A final factor running counter to the interpretation of the slooper letter as a fund-raising document inspired by Peerson is the fact that Arad Thomas and Ole Rynning both agree that there were two groups of Norwegians — those who favored a [152] system of common ownership and those who wanted their own land. In Rynning’s remarks it was the private-property group that complained of Peerson’s activities. Ole Rynning probably charged Peerson with "favoritism" because he was trying to collect money for a separate party within the larger body of Norwegian settlers, that is, for the seven would-be communitarians who had written to the Harmony Society. A careful study of each of the seven reveals them to be closely bound together by complicated ties of home parish, money invested in the sloop, marriage, and blood.

Thus, the activities and background of the signers of the letter to the Harmony Society point to a religious mentality and to a solidarity that can only reinforce the thesis that their leader, Peerson, was bent on establishing a Norwegian utopia.

III

What did the Harmonists think of Peerson’s scheme? Did they answer the letter?

Very little is known of the history of the Kendall colony between 1825 and 1833, but considering the sloopers’ many debts and the dissolution of the original group about 1832, the Harmonists probably never sent the $1,600.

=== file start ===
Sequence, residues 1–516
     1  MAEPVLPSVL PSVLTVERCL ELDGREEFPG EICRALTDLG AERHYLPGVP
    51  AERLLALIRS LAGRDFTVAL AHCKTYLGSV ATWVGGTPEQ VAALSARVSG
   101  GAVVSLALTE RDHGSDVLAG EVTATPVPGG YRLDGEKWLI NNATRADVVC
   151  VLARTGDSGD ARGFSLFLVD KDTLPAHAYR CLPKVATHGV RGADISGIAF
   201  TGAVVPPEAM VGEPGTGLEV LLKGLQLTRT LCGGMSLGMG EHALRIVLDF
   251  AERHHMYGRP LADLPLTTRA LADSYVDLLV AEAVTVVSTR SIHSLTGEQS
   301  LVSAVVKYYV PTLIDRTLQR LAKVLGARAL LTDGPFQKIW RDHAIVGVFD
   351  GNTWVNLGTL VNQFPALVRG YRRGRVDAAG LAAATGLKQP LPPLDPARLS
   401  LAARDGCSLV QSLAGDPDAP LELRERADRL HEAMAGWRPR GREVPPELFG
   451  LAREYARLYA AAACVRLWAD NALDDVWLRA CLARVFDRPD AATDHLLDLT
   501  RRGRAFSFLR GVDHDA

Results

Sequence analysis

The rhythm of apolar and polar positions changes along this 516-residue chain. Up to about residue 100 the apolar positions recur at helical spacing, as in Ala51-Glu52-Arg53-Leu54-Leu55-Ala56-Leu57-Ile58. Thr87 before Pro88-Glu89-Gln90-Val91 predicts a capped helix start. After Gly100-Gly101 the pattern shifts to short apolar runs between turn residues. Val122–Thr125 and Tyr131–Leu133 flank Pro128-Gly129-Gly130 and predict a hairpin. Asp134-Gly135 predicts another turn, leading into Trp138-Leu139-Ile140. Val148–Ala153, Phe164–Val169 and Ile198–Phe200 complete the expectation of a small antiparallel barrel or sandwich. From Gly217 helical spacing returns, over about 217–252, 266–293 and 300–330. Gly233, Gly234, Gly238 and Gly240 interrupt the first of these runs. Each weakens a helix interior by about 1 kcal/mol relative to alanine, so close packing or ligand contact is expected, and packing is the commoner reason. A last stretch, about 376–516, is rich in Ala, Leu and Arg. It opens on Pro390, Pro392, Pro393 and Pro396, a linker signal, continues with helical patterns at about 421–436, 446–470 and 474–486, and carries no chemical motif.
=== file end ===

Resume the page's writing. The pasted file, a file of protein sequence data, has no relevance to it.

There is little doubt, however, that the Harmonists conscientiously weighed Peerson’s plea and that they wrote a reply. Only one tantalizingly incomplete draft of a letter survives in the Harmony Society archives and it may or may not have been intended for the Norwegians. Dated December 20, 1826, it is addressed to an unidentified group living near Rochester. The writer, probably the bilingual Frederick Rapp, begins in English and then lapses into the more comfortable German idiom:


"ECONOMY Dec: 20th 1826

"RESPECTED FRIENDS

Your letter of 4th inst. is rec’d, from which we learn that our society has excited your interest for a long time, etc., and that you would very much like to know about our laws and [153] ordinances and whether or not you would be permitted to become members."

The writer goes on to describe Christ as their foundation stone and Acts 2: 44, 45 and 6: 32—37 as their text for owning things in common. The best plan, he suggests, would be to send one or two heads of families to see for themselves, and he directs them to travel by way of Erie to Pittsburgh and then eighteen miles downstream on the Ohio to Economy.